With Kelvin Morales, Puey Quiñones, and Randolf, the new era for Filipiniana and barong clothing is scaling up its movement faster and stronger.
In history books and museum archives, the traditional Filipiniana and barong stand proudly in all their glory. From their long reign in the 17th century to their fast tracked modernization in the 1900s, these symbols of Philippine fashion remain representative of the heritage they were rooted from, which is rich, authentic, and exceptional.
Today, the Filipiniana and barong gradually return to the local fashion scene, evolving together with the artistic and innovative perspectives and styles of local designers.
Priding himself on establishing an eponymous brand that supports local artisans through continuous use and experimentation of local fabrics and materials, Kelvin Morales strikes a balance among modern, traditional, and experimental design techniques.
Putting the spotlight on craftsmanship, particularly sewing and embroidery, Morales is keen on developing artistic narratives and peculiar forms in clothing.
“During the lockdown, people started realizing that we need to support our local brands and focus on quality over quantity,” Morales says. “Designers are starting to explore and embrace our own heritage and create contemporary pieces like the barong or Filipiniana.”
When Morales started creating collections, he was always mindful to include barong pieces to represent the Filipino culture and tell a story.
“The Philippine fashion scene is getting more diverse and is emerging in the global market,” Morales shares. “I always wanted to represent Philippine fashion to innovate and offer something new in the industry.”
When designer RJ Santos established his brand Randolf after graduating in 2013, he lasted three collections when he decided to fly to Bangkok and become a fashion designer at a Thai manufacturing company.
A few months later, Santos felt that it wasn’t something he saw himself doing anymore, so he went back to the Philippines and launched his comeback collection—a line that made him one of the winners of the Bench Design Awards and gave him the opportunity to present his work in Amazon Fashion Week in Tokyo.
Now, he pokes fun at the obsessive pop culture through clothing.
“I think both the barong and the Filipiniana evolved with the times, especially the Filipiniana,” says Santos. “I noticed a surge in demand for both barongs and terno back in 2019 because that was when clients were actually requesting for ternos and barongs from Randolf. I think a lot has changed with both the terno and the barong over the years, but the core of what it should be remains.”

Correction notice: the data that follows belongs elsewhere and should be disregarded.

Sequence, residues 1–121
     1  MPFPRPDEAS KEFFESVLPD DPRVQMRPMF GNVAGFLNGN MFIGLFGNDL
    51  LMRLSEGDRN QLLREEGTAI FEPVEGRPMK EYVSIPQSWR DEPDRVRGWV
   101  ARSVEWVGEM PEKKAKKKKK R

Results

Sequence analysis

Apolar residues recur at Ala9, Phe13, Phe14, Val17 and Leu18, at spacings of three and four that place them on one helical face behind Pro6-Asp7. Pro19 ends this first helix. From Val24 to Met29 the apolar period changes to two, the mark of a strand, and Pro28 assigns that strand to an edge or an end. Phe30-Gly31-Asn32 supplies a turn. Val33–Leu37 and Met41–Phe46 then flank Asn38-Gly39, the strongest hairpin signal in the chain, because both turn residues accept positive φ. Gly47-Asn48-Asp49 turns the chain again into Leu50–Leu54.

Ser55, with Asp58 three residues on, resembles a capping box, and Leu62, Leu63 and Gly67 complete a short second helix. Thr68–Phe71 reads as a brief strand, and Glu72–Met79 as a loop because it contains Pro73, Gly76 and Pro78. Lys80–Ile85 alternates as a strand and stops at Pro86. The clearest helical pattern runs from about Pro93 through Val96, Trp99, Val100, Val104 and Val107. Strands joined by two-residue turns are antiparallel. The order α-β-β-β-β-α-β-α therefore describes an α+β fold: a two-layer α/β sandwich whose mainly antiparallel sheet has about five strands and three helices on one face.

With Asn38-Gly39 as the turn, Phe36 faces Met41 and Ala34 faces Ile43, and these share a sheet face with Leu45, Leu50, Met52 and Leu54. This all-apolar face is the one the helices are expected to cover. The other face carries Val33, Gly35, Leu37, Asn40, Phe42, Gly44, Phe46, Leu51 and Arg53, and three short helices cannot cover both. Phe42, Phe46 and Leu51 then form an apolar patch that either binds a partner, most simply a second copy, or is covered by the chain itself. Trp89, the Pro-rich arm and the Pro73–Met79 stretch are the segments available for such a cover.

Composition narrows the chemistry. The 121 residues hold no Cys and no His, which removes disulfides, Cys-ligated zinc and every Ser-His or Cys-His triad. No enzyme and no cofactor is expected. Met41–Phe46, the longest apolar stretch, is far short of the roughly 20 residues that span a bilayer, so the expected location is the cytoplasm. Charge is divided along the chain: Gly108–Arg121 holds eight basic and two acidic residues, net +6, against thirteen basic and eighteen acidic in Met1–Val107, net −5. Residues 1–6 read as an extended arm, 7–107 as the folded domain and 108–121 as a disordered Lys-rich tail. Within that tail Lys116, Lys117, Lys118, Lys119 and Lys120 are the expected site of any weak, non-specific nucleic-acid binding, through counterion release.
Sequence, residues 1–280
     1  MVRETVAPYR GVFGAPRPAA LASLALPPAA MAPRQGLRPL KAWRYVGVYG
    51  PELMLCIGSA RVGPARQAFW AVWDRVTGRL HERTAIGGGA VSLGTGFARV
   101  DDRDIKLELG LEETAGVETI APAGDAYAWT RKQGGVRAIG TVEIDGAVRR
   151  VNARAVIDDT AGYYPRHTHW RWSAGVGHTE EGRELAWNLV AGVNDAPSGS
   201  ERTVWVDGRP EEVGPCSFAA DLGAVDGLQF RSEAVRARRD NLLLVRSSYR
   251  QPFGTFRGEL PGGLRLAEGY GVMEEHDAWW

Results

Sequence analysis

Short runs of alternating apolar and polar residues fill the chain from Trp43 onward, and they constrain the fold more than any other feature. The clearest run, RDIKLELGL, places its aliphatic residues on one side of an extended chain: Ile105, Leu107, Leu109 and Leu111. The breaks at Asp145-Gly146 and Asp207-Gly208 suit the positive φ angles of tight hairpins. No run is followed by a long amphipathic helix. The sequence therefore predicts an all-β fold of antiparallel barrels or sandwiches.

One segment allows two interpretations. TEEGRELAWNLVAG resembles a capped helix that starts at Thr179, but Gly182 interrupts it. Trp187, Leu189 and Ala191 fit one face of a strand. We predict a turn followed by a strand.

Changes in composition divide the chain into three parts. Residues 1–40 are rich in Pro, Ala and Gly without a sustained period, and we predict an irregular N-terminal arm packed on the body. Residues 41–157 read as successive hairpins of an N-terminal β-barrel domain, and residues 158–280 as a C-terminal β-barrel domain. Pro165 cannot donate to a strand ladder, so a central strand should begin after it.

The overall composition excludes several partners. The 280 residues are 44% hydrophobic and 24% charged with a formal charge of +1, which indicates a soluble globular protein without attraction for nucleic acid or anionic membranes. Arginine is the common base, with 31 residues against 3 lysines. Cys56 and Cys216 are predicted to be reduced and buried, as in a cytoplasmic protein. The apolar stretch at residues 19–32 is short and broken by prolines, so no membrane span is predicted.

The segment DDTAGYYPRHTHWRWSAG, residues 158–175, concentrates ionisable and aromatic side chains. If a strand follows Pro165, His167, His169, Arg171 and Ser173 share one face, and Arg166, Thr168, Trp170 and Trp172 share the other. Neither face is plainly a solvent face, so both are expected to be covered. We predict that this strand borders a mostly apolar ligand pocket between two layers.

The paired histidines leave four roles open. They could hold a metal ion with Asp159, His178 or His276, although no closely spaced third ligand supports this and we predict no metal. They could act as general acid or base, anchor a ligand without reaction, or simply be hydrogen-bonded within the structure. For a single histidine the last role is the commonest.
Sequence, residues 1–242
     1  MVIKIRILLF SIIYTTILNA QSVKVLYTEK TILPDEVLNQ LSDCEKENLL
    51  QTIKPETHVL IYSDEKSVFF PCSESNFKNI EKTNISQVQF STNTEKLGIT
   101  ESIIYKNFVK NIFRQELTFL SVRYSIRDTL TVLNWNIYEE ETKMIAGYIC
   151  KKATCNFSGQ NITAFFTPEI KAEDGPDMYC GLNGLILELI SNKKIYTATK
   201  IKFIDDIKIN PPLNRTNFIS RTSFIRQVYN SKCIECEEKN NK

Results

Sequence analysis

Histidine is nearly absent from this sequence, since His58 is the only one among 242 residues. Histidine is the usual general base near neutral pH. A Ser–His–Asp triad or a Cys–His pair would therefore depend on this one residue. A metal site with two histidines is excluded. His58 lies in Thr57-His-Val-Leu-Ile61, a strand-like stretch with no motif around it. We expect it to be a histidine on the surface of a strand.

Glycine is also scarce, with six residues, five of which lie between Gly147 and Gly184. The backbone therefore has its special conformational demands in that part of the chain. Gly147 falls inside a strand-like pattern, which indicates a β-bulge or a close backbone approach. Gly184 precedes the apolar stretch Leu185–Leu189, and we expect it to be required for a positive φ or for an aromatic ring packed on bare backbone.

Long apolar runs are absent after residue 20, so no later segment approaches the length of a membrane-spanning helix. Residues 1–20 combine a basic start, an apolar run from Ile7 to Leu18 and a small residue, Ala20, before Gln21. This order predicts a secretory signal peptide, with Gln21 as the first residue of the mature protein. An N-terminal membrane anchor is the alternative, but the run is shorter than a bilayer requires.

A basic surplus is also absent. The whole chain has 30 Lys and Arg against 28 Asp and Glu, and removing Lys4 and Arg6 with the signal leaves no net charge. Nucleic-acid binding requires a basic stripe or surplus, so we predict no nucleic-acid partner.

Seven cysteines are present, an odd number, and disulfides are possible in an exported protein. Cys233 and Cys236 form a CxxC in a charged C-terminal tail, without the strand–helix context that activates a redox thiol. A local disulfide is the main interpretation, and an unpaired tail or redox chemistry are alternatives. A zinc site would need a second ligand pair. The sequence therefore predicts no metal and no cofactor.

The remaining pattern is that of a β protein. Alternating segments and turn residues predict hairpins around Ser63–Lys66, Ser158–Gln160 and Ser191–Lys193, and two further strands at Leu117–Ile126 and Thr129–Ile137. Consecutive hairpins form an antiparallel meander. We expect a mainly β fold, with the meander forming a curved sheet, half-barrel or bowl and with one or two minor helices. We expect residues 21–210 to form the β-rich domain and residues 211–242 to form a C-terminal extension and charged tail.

Santos reveals that he really didn’t choose to make barongs; it was the fabric that prompted him to start making them. It was during that time when he was designing his Spring/Summer 2018 collection when he decided to include jusi, a fine sheer fabric made of silk and vegetable fibers, in his pieces.
“I wouldn’t say I have an edge over other barong designers, but I think what makes Randolf barong different is that I create the embroidery designs based on the music of my clients,” Santos shares.
Innovation, femininity, timelessness—Puey Quiñones continues to bring forward the kind of artistry only Filipino designers can muster, even when he moved to Los Angeles a decade after successfully leading his own design house in Manila.
“Filipiniana and barong have changed a lot over the years,” says Quiñones. “More and more designers are now pushing and reviving Filipino traditional clothing. I see a lot of young designers reinventing Filipiniana designs. With the backing of the industry to push for Filipiniana and barong designs, I can see that Filipino traditional garments are now becoming a trend.”
Quiñones has been designing Filipiniana ever since he started his career. He always likes bringing back his roots, showcasing it to every show he does locally and abroad. As he sees it, the Philippines has unique, sustainable, fine, and high-quality materials that could give traditional garments an edge in the global market.
“Filipino fashion is becoming more global,” Quiñones says. “This gives us a chance to become a fashion design hub in Asia. For as long as the fashion industry has the support of our government, we can support and promote more of our artisans, weavers, and designers to revolutionize and arise with our Filipiniana and barong.”
Over the years, Quiñones has released a lot of Filipino designs through his collections, one of which was showcased recently at the Los Angeles Fashion Week. In addition to this, his brand is consistently part of Katutubo Market, which promotes locally crafted fashion items.